Is ‘non-partisan’ for Secretary of State a dirty word?

The Oregonian had an editorial this past Sunday arguing for a non-partisan Secretary of State. The source itself will make some want to toss out the idea before an even cursory examination, but I think it is worth a discussion, especially in light of Bill Bradbury’s unabashed servitude to the Democratic Party of Oregon and all of its underlings. Given the statewide record of Republicans in recent history, I can’t help but think a non-partisan Secretary of State office might actually play to our advantage, at least in the currently rocky political environs. A candidate with as much plausibility as a Bruce Starr or Jason Atkinson would be given the credit of their personas and records without all the preconceived notions that jump into voters minds when they see an “˜R’ in front of their name.

Of course, ultimately showing people that the values they hold dear are the values that Republicans stand on is the answer. But until we can do that effectively, maybe a non-partisan Secretary of State isn’t such a bad idea.

Should Oregon have a non-partisan Secretary of State? Would this help or hurt Republican candidates for the office?

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Posted by at 06:00 | Posted in Measure 37 | 15 Comments |Email This Post Email This Post |Print This Post Print This Post
  • Jerry

    I am not sure if a non-partisan position would make any difference. The dems would run some hapless sap like we have now to do their bidding – so what difference would it make?

    Might we worth a try, though, as the guy in there now is a total joke.


      Just wait for the next one, they all keep trying to be worse than the one before.

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  • William Neuhauser

    I can’t see that it really makes a difference. It doesn’t mean that candidates aren’t members of a party; I don’t think it prevents parties from making endorsements. It really seems to mean a version of “open primary” since there is no partisan contest before electing someone.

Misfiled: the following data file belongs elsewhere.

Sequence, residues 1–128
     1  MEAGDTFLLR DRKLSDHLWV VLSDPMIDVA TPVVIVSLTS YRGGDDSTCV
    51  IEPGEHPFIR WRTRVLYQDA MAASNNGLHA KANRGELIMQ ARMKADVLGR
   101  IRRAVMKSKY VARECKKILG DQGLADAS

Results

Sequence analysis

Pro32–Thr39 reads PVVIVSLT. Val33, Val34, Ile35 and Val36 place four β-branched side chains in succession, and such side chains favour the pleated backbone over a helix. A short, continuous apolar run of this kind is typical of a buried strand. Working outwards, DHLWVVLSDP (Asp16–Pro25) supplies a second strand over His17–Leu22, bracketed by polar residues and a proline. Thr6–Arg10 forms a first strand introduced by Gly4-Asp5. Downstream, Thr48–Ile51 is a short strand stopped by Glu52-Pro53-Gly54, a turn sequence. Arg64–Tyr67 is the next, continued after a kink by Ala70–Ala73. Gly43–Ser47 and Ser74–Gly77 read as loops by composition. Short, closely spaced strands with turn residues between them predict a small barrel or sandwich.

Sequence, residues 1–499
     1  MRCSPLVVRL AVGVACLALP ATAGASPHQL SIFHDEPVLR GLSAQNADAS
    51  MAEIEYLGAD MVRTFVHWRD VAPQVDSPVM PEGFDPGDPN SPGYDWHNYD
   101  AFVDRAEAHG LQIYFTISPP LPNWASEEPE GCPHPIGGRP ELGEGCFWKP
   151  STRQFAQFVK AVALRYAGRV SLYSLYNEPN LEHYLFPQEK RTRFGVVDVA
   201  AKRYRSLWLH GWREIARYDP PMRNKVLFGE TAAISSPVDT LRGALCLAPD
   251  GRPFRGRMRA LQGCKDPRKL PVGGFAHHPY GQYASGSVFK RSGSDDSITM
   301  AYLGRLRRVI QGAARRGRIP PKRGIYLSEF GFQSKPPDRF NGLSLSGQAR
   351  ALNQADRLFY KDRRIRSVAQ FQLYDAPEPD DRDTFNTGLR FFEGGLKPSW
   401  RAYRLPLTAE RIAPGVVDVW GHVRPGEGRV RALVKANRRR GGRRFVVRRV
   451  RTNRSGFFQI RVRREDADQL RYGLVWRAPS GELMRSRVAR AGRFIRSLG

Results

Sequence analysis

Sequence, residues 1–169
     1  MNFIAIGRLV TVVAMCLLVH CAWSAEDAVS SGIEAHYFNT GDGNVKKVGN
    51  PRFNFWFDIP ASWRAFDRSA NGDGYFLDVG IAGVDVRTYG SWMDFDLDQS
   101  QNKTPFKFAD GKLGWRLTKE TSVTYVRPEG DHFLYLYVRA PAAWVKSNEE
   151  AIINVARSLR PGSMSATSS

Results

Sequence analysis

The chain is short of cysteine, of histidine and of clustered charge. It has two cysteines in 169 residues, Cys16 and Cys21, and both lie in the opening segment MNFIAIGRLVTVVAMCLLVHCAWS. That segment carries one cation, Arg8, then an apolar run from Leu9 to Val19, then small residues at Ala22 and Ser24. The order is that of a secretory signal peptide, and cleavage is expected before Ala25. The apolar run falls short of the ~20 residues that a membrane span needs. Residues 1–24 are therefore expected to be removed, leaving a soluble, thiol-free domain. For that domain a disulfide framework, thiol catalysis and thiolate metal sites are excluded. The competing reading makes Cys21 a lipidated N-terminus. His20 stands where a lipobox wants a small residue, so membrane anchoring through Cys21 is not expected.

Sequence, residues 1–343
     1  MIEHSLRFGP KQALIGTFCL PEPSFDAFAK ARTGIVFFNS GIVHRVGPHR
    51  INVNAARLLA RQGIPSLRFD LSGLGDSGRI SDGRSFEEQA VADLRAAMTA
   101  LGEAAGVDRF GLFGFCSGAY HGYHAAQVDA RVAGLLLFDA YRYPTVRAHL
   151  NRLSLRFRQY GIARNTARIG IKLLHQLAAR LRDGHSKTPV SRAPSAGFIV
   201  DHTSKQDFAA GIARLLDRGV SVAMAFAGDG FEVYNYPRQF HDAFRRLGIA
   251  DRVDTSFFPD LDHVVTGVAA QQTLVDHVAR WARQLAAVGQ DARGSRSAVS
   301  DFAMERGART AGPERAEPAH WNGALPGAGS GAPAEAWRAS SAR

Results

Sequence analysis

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  • E.P.

    Considering the fact that a Republican hasn’t been Secretary of State for 22 years, I’d say it’d help them. I’d also say that that’s the only motivation Republicans would have for arguing against a partisan SOS. Would we be having this discussion if Betsy Close held the position??

  • Steven

    Finally somebody is listening to the people. I have been pushing this for years and hope that it sticks. The poster boy for corruption billy boy himself is the best reason. When you have a set of clearly defined rules and regulations and you distort them to meet the needs of the party, now that is what we need to stop. Made up rules and random edicts plain criminal. We the people want the initiative process back so we can control the government. Remember kids less government is the best government.

  • rural resident

    The Republicans had a chance to have someone other than Bradbury in the 2000 election. They had a choice between the Lynns: Snodgrass and Lundquist. Snodgrass was a partisan destined to lose. Lundquist more of a moderate, and someone highly thought of by Dems and Independents, as well as by many Rs. It was very likely that he would have won, especially after championing higher funding for education (a popular position) in the 1997 legislature. The choice was crucial because it was obvious that the SOS was likely to draw the legislative districts for the next decade. The Rs knew this, and went with the idiologically pure choice — and got their heads handed to them. Bradbury is doing exactly what Snodgrass would have done had she won; he’s just doing it on the other side.

    Merely classifying the SOS position as “non partisan” won’t make it so. Candidates still have histories, party affiliations, and viewpoints on key issues. Given the current field, it is very likely that a “non-partisan” contest in 2008 will pit two Dems against each other.

    Again, this will be an important election (especially if the Rs can grab the governorship or one house in 2010), because that’s the assembly that will draw the next set of legislative boundaries. Again, the Republicans will have to decide: philosophical purity and watch the Dems hold the office for eight more years, or take a more practical approach by fielding a more electable candidate and maybe actually win.

  • devietro

    We had former SOS Phil Keisling as a guest speaker, he is a huge advocate of the open primaries or “Voter Choice positions” its not a non-partisan solution, but an interesting one. Have not made a real personal decision on if I like the idea.

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